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One of my arguments in my God on Trial talk is the argument concerning photosynthesis which I think is a powerful Problem of Evil argument. Basically, when we look at all the suffering in the world, we often forget about the millions and millions of years’ worth of suffering which has taken place on account of carnivorousness.  That is to say, a large proportion of organisms on this world kill other organisms just to merely survive; to exist. The scale of animal death is mind-boggling, as are the units of suffering which animals have had to sustain. To exemplify this, I include below a truly horrifying video. It is just nature, mind, but to see a baby buffalo get torn limb from limb by a pack of lions whilst staying alive for an inordinate amount of time is just horrible. The video is NOT for the faint-hearted. Nature really is red in tooth and claw.

The buffalo takes some 2 hours to die.

http://youtu.be/Dxu8n2iSO58

And, of course, such suffering, in light of an all-loving God, must be seen as necessary for some greater good. Naturalism needs no further entities or complicated ad hoc rationalisation to explain this, but theism has to contrive why this horrendous process is necessary and not gratuitous.

My argument looks at this and says, well God is all-powerful, so why didn’t he just design all beings to photosynthesise? Why couldn’t he just fiddle the figures (or create perpetual miracles) such that all organisms merely needed he sun for energy to survive? If I was all-loving, that’s certainly one option I would take that would be clearly better than the current state of affairs.

But, actually, I would go one step further than that. Why create beings who needed energy at all? Why make this requirement which entails such finitude and associated problems?

Even that can be bettered, surely. Why not create non-corporeal entities at all? Why not just go for ethereal creation?

The next step, though, is a point which I have never seen any remotely decent defence of:

Why not just take all those people who would freely come to love him (God) and create them in heaven?

In other words, let’s imagine 100 people were created. Let’s then imagine (and accept the incoherent notion of libertarian free will for the point of this argument) that only 20 of these 100 freely came to love God. Now it seems that God creates all 100 in the knowledge that most will go to hell, or at least ~heaven. Assuming that some purpose of creation, as is often asserted (as it was at my last talk on this by someone in the Christian Union), is relational between God and humanity, then God’s purpose or want or need appears to be something like testing those to see if they would freely come to love him and rewarding them with heaven (let us ignore the torrent of issues associated with an all-perfect being having wants, desires or needs).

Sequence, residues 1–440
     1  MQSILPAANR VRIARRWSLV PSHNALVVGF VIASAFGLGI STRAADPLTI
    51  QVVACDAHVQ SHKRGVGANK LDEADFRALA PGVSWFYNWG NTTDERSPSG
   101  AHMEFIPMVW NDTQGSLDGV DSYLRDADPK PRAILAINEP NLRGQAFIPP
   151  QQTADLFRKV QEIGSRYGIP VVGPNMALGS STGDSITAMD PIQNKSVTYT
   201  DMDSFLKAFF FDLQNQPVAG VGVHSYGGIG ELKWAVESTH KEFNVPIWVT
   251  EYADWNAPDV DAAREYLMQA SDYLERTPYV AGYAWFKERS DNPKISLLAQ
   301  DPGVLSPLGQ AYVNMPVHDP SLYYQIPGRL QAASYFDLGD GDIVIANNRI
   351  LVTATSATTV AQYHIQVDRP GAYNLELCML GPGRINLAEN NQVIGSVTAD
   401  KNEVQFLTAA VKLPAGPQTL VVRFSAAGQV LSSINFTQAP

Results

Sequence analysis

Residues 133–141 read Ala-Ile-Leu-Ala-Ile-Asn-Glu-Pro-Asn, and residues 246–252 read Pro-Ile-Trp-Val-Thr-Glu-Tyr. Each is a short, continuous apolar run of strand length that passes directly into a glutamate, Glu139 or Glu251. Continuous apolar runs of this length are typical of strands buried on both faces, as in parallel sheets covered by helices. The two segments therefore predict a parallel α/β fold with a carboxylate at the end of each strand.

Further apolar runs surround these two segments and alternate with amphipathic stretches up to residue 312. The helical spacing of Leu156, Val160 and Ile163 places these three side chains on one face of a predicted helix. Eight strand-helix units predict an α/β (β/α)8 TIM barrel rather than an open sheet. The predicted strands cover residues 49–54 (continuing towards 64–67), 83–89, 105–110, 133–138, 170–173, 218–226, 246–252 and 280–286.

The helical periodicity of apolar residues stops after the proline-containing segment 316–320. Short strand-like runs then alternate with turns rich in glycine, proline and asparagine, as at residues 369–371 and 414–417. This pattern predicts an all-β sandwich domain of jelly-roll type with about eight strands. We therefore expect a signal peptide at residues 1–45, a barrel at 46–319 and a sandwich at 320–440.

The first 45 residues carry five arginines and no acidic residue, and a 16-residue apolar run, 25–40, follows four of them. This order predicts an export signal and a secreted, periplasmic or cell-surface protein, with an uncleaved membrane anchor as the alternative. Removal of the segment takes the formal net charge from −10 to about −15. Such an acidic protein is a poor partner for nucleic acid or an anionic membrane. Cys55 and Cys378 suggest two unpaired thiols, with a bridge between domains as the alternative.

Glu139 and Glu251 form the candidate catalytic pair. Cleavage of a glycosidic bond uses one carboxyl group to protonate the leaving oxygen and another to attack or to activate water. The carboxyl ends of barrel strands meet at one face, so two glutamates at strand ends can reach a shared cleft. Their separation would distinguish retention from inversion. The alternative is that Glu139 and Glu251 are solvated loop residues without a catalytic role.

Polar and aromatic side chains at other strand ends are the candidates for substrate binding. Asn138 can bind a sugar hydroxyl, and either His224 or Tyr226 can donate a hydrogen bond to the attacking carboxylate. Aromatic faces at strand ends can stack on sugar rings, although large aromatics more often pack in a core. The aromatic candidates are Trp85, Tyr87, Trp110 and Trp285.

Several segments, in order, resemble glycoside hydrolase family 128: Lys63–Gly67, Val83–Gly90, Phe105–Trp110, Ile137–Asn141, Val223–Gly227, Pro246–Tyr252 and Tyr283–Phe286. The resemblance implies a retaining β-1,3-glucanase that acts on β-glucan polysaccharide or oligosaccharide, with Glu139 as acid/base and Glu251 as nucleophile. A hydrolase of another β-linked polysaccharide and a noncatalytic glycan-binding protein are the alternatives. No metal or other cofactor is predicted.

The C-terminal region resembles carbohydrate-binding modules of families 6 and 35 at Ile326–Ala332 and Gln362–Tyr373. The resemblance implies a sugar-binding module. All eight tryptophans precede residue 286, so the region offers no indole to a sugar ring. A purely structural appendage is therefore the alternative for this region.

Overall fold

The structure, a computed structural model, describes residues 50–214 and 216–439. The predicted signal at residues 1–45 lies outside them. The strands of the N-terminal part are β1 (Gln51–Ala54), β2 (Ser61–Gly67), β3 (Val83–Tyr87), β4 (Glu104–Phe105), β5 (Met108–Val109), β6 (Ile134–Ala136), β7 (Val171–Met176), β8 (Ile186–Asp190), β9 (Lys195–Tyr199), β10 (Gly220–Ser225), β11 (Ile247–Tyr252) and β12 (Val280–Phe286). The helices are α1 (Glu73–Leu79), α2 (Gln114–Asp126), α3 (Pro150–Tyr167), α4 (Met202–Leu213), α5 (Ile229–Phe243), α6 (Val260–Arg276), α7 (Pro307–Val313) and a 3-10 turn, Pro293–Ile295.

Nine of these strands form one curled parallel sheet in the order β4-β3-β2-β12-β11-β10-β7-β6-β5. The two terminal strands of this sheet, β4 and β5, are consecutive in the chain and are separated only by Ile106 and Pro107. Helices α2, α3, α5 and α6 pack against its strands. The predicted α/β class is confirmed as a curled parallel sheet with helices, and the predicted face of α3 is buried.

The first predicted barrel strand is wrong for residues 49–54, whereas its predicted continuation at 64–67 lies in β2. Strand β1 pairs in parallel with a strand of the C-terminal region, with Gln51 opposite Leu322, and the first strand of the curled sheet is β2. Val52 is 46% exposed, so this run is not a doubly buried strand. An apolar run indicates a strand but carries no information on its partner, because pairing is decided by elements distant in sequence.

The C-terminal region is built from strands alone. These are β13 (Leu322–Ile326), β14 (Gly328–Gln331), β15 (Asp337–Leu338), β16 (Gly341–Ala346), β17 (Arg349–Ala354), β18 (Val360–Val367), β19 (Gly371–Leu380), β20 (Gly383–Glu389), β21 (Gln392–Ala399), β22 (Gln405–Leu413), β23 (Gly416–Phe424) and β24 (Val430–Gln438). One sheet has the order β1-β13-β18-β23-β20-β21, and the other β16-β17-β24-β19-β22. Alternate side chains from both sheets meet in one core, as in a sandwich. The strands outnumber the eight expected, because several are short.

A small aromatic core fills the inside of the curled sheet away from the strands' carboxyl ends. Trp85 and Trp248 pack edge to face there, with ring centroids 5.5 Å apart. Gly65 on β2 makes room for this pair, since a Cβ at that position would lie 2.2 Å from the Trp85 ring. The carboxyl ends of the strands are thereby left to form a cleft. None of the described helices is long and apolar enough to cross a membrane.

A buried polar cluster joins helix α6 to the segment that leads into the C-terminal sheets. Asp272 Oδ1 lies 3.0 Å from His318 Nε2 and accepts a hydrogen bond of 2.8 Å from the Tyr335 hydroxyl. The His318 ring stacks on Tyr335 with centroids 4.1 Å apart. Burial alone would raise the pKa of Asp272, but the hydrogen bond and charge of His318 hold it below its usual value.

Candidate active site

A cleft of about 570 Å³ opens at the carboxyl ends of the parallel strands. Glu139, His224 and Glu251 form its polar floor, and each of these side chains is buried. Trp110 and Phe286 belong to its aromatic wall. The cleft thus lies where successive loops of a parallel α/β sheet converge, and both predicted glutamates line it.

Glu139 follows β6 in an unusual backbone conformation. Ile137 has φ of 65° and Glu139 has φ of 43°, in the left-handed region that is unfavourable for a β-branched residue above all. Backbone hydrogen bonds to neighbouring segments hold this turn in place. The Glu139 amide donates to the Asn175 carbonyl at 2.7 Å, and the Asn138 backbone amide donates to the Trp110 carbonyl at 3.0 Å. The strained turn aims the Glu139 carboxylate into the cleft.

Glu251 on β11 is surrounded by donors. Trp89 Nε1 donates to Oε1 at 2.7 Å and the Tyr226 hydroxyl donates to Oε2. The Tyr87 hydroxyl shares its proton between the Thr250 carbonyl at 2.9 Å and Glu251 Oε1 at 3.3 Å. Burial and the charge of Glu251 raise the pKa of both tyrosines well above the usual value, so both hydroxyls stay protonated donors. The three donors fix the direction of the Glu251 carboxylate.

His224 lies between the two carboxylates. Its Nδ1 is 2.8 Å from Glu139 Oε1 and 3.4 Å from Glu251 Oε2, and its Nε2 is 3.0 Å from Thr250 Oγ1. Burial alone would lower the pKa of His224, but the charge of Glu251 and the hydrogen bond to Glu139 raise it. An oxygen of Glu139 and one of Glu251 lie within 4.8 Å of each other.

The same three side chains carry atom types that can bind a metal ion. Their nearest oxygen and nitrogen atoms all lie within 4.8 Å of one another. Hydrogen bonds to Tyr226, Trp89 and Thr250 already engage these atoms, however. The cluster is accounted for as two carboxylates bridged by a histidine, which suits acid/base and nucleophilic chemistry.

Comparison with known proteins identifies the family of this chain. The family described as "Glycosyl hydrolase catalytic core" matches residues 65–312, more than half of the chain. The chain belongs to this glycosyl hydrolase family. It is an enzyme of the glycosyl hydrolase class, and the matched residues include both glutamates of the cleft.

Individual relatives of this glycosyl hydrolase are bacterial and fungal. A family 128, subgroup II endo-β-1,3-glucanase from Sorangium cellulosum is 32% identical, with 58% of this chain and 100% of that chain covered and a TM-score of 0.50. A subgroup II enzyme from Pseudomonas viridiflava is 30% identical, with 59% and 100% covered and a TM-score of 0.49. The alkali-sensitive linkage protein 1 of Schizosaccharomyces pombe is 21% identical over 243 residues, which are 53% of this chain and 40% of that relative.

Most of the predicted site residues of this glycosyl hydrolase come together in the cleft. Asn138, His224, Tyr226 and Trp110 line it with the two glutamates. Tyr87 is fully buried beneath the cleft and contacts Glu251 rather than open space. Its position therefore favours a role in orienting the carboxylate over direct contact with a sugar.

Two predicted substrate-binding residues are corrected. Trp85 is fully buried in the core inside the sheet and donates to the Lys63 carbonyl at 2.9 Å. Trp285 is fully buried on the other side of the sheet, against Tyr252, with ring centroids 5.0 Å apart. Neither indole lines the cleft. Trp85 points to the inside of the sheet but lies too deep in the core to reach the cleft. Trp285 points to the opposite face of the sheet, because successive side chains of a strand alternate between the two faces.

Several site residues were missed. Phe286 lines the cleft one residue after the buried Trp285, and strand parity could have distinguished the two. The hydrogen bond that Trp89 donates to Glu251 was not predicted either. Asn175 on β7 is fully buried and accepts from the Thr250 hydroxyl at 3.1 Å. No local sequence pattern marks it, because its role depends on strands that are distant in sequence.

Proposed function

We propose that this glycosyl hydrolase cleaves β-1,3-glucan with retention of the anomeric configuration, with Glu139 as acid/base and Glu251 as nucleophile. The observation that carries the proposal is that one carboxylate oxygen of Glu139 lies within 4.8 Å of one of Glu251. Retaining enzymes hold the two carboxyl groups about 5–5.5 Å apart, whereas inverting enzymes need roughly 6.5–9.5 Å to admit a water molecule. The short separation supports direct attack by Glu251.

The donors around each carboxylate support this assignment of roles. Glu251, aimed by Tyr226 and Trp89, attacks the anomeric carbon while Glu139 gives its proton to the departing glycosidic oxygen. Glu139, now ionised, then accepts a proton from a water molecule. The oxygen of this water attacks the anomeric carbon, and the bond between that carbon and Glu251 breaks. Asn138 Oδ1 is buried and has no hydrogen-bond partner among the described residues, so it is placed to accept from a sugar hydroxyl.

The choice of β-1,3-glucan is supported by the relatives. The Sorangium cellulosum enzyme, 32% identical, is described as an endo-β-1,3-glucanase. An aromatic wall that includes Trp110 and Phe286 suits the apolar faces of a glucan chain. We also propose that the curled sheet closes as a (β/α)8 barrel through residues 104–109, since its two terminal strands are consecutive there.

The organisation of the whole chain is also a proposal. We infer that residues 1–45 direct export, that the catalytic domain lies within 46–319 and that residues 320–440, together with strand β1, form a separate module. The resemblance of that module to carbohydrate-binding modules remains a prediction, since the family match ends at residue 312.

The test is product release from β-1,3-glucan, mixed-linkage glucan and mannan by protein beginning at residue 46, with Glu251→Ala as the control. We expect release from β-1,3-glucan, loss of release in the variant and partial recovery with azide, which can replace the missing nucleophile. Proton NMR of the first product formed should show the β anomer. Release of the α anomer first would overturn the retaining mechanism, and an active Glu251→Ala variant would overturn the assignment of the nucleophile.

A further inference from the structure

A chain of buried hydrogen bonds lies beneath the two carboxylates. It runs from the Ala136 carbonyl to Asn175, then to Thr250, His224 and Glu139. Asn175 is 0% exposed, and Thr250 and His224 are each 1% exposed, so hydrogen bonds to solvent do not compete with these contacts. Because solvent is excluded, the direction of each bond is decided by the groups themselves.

But since he apparently already knows the outcome, he has no need of testing them. Indeed, he can insert memories into these beings such that they think they have really experienced life’s tests, except they haven’t and no suffering takes place.

None of this is logically impossible, it would seem. God could create those 20 people who would freely come to love him on earth, and just bypass the earth testing bit and create them in the reward that is heaven, using his indubitable knowledge. The other 80 people, condemned to an eternity of torment, or as more liberal Christians find more palatable, an eternity away from God or some such thing, are simply not created at all (though God would know the counterfactuals of what would happen if he did create them).

This then means that there would be no actual suffering in creation. It also means that the people who were going to get the reward in the actualised world would get it anyway, sans suffering of anyone else as a by-product of such testing,

This is marginally different to creating a world with just those who freely come to love God, which William Lane Craig tries to sidestep by introducing  incoherent ideas of feasibility. This is going straight for the honey, and there is no decent reason that I, or anyone I have spoken to about this (including theologians), have ever come up with to make this argument invalid.

On this argument alone, I think God is shown either not to exist or not to be all-loving. Especially since any appeal to something akin to a journey or really anything necessary in this world for some kind of outcome can easily be invalidated by memory creation or some such other technique. There is even the idea of philosophical zombies which can be brought in.

No, God could and should have just created heaven with those lucky enough to have warranted entry therein.

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Jonathan MS Pearce

A TIPPLING PHILOSOPHER Jonathan MS Pearce is a philosopher, author, columnist, and public speaker with an interest in writing about almost anything, from skepticism to science, politics, and morality,...